From Next-Generation Data Center
This part of the course focuses on high-availability aspects of modern data center designs and deployments:
- How to define high availability
- Dispelling the high availability myths
- Identifying real business needs and their viability
- Deciding what’s feasible to do based on application architecture, and what makes sense to deploy;
- Security in private and public cloud environments;
- Impact of modern application deployment processes on security and high availability.
The guest speakers in this module include:
While many security professionals have a solid understanding of how to identify vulnerabilities in traditional physical infrastructure or applications, they often don’t grasp modern DevOps environments that include microservices, FaaS and IaaS. This leads to gaps, inefficiencies and a flawed program. Instead, security teams often distrust and deride the DevOps model that seeks to deploy at speed and scale, creating a narrative that does nothing to address the business need.
If organizations really want to deliver secure services, Information Security professionals have to meet DevOps and CloudOps teams where they are, by understanding how to embed security into their processes. This session by Michele Chubirka will help you shift the conversation – you’ll learn some DevOps concepts, the challenges faced in a continuous delivery environment and discover how to get Dev, Ops, and Security teams aligned and focused on a singular goal.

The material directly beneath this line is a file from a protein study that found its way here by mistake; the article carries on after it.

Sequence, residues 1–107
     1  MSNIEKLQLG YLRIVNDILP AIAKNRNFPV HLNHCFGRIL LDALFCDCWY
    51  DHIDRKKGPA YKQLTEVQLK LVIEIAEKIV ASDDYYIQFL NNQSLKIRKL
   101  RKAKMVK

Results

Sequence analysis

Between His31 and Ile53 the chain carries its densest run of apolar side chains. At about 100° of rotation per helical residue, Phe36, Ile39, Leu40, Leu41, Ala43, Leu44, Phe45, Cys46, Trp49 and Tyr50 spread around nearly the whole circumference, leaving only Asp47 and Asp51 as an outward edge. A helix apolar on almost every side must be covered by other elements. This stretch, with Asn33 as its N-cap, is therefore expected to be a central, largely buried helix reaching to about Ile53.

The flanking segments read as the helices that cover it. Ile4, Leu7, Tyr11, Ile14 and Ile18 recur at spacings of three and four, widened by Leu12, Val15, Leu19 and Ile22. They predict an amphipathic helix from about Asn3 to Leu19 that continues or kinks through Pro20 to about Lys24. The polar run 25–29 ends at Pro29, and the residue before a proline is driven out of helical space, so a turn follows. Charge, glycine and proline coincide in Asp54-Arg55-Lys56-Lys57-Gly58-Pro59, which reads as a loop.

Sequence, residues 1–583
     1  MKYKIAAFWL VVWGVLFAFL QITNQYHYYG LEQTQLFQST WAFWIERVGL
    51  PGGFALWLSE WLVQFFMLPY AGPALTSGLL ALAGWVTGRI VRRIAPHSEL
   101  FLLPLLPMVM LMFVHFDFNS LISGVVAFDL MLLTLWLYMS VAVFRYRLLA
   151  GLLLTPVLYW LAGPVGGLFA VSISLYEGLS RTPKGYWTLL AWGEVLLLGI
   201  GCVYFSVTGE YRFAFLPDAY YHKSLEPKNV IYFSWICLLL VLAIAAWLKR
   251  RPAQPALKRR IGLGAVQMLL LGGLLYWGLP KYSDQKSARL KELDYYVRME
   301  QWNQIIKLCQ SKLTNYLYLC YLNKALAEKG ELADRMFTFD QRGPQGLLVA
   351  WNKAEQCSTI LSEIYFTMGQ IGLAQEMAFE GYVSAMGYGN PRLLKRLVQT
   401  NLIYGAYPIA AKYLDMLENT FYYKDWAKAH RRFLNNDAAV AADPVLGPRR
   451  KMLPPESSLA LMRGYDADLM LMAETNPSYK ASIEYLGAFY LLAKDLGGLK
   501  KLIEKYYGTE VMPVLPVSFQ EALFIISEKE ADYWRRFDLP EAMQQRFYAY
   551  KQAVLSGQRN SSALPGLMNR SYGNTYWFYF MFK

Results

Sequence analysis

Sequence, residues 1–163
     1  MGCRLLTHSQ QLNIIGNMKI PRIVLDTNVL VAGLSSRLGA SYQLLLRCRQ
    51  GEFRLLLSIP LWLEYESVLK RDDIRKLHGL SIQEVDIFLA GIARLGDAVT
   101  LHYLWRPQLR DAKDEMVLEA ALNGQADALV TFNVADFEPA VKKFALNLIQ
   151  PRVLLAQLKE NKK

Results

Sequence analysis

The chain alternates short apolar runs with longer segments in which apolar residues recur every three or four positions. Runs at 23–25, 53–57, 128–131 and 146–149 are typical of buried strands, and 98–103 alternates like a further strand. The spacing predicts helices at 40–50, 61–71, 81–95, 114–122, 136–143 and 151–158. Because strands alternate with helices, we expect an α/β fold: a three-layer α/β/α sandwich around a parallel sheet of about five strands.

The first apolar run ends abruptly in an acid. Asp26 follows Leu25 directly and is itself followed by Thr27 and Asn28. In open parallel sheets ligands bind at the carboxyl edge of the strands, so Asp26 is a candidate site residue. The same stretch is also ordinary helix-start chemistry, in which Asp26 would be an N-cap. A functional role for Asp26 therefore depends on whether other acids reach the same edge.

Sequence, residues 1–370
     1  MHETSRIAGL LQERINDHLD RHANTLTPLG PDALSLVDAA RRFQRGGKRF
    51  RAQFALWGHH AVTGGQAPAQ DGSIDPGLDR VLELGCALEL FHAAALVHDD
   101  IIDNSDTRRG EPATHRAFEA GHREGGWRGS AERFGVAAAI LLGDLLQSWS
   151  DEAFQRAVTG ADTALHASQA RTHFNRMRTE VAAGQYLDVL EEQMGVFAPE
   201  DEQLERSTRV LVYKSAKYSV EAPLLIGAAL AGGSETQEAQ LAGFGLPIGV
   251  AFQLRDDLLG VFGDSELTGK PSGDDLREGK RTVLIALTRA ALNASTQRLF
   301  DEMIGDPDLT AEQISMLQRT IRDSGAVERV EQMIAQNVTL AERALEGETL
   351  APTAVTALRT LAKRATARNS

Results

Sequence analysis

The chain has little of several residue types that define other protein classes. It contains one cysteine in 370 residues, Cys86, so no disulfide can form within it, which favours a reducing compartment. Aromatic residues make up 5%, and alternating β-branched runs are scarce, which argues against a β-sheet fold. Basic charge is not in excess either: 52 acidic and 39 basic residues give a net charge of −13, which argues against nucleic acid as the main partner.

Let's assume you want to increase the availability of your services by moving parts of them into the cloud or doing some sort of active/standby deployment between your DC and the cloud. Now you have to deal with your (C)ISO and his/her usual concerns as well as the variety of articles on tech sites stating that "security is the biggest challenge of cloud adoption". Matthias Luft (ERNW Research) broke those security concerns into categories (such as isolation failures, cloud outages, or compliance issues), looked at incidents and vulnerabilities from the past, and explained what we can do about those in our cloud strategy.
Ethan Banks (PacketPushers.net) talked about real-life aspects of active/active data center designs and lessons he’s learned while operating them.
You’ll have to understand the basics of application architectures and load balancing. Watch:
- Data Center 3.0 (section Load Balancing and Scale-Out Architectures - ~2 hours)
- Designing Active-Active and Disaster Recovery Data Centers(3.5 hours)
- Lessons Learned Operating Active-Active Data Centers presentation from Autumn 2016 session (1 hour 30 minutes)
- High-Availability Concerns discussions from Autumn 2016 session (1 hour 15 minutes)
I would also recommend watching parts of the IPv6 access to IPv4 content part of the IPv6 Transition Mechanisms webinar (40 minutes)
Additional recommended materials
You might want to know more about over-the-top cloud networking solutions. You’ll find them in the Cloud Computing Networking webinar (video Over-the-Cloud Networking).
These Expert Express Case Studies cover select details of active/active data centers and workload migration. Plan to spend an hour per case study.
- External routing with layer-2 DCI
- From disaster recovery sites to active-active data centers
- Redundant data center Internet connectivity
- Simplify workload migration with virtual appliances